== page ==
The states argue in their suit that the Trump administration relied on an error-prone analysis that included omissions to justify the rule change, particularly in asserting that the changes would save consumers money over time, according to some of the attorneys general involved. The suit also argues that the rule violates federal requirements to reduce air pollution and increase vehicle efficiency, they said.
The Alliance for Automotive Innovation, the trade group representing the industry in Washington, hasn’t yet seen the lawsuit but will review it, a spokesman said.
Honestly, we don’t know how either side can confidently claim the ability to predict future vehicle pricing. While higher standards could force additional electrification that would probably increase MSRPs, automakers could seek to meet efficiency targets through the sale of lightweight cars using small, cheap internal combustion motors. Some claim that EVs will help offset their higher purchase price via fuel savings, but this first requires one puts a lot of miles beneath their wheels.
That doesn’t assure the current administration a victory. Despite being prone to deregulation, it has lost a disproportionate number of regulatory cases compared to previous administrations. This could be the result of Trump and company being extra eager to undo restrictive rules and taking more action overall, though some claim irrational anger toward the president has influenced judges’ decisions. Of course, there is also evidence to suggest federal regulators haven’t always done their due diligence before taking action.
Who should you trust when it comes to the fuel rollback? Probably no one.
Both sides seem to have decided, even from before the outset, that the end justifies the means. While the Trump administration has been more willing to compromise, we think the EPA went overboard in trying to justify the rollback. Meanwhile, states opposing it have shown themselves unwilling to have it any way but theirs and will weep for the environment while ignoring the economy and consumer choice. Everyone’s playing dirty, cherry-picking data in service of their preferred cause.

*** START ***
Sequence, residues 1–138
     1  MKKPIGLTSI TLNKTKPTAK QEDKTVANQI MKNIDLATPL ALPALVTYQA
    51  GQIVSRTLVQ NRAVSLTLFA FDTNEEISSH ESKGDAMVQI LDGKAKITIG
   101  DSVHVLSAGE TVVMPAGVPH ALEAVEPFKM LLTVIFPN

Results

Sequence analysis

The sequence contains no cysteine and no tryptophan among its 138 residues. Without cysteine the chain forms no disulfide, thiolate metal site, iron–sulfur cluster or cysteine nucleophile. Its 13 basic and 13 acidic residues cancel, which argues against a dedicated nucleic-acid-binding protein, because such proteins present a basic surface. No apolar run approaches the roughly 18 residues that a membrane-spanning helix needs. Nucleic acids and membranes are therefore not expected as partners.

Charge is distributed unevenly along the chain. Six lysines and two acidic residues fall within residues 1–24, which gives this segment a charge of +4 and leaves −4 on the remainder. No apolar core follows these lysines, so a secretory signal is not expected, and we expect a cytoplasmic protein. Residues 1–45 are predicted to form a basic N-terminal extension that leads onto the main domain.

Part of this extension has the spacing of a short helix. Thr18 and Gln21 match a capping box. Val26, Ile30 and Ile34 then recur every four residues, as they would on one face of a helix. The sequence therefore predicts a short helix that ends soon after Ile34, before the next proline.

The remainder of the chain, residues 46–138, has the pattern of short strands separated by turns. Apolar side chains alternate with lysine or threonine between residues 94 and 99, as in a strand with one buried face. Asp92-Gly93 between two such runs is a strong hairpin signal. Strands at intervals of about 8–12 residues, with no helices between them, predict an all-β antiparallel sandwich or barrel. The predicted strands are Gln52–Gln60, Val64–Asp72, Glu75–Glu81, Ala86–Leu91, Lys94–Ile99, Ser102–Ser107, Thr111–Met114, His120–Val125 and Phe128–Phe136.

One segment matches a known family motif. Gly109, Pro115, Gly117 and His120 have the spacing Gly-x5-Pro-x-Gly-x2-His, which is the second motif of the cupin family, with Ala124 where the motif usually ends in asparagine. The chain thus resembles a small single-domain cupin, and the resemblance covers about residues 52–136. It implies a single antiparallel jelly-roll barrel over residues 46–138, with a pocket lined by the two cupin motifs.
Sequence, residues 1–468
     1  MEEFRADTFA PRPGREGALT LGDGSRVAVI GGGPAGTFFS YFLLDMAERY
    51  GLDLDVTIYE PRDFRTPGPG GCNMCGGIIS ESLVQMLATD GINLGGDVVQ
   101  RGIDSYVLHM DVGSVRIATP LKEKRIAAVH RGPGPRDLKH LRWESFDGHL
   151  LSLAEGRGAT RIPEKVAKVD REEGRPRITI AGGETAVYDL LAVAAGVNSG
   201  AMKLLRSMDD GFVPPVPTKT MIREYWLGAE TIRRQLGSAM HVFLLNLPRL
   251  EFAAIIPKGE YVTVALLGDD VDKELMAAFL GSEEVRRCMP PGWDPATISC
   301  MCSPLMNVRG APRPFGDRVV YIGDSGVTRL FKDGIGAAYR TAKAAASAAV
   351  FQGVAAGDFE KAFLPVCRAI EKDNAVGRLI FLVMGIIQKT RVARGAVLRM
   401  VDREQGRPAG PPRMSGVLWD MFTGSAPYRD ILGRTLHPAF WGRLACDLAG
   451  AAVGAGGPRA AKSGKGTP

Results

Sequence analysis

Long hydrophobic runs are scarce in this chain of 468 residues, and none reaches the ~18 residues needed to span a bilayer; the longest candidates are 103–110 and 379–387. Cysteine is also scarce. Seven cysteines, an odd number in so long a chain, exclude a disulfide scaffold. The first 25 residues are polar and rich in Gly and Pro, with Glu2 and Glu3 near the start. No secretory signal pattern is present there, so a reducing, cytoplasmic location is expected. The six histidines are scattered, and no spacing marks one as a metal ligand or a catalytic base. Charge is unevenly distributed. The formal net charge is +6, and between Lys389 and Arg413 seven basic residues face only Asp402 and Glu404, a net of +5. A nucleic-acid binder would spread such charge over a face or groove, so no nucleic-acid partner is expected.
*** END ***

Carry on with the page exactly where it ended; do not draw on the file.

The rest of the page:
At least you get to make up your own mind on this one.
[Image: Marc Bruxelle/Shutterstock]
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@Lou_BC--True but at least the HDs don't have turbo charged 6s and trucks don't have cvts but all that could change if CAFE standards get even more stringent. The next generation Tundra will have a turbo 6. In the next few years you might see all the manufacturers replace V8s with turbo 6s in their half ton pickups and eventually you will see more turbo 3s and 4s replace V6s in midsize pickups along with more aluminum, alloy, and plastic body parts to lighten the weight. Trucks have become more of a target for regulators because more buyers are replacing their traditional sedans with crew cab pickups. As trucks become more popular they will become more regulated and will be required to meet more stringent CAFE standards.
Well then maybe you would like an F350 with a turbo 6 and an F150 with a turbo 4. My point is not so much against the turbo 6 in the F150 as it is the gaming of regulations in order to comply by using smaller engines in vehicles not meant to have them which reduces the reliability and life of the vehicles. I am not so much a fan of big displacement engines as I am concerned about the longevity and reliability of a vehicle. Manufacturers can make the vehicles lighter but there is a limit to what manufacturers can do with ICE to squeeze out more efficiency. As for your F350 7.3 that you want that will eventually be replaced with a smaller turbo engine as well. My point is that trucks will be more regulated especially when more buyers are choosing trucks over cars.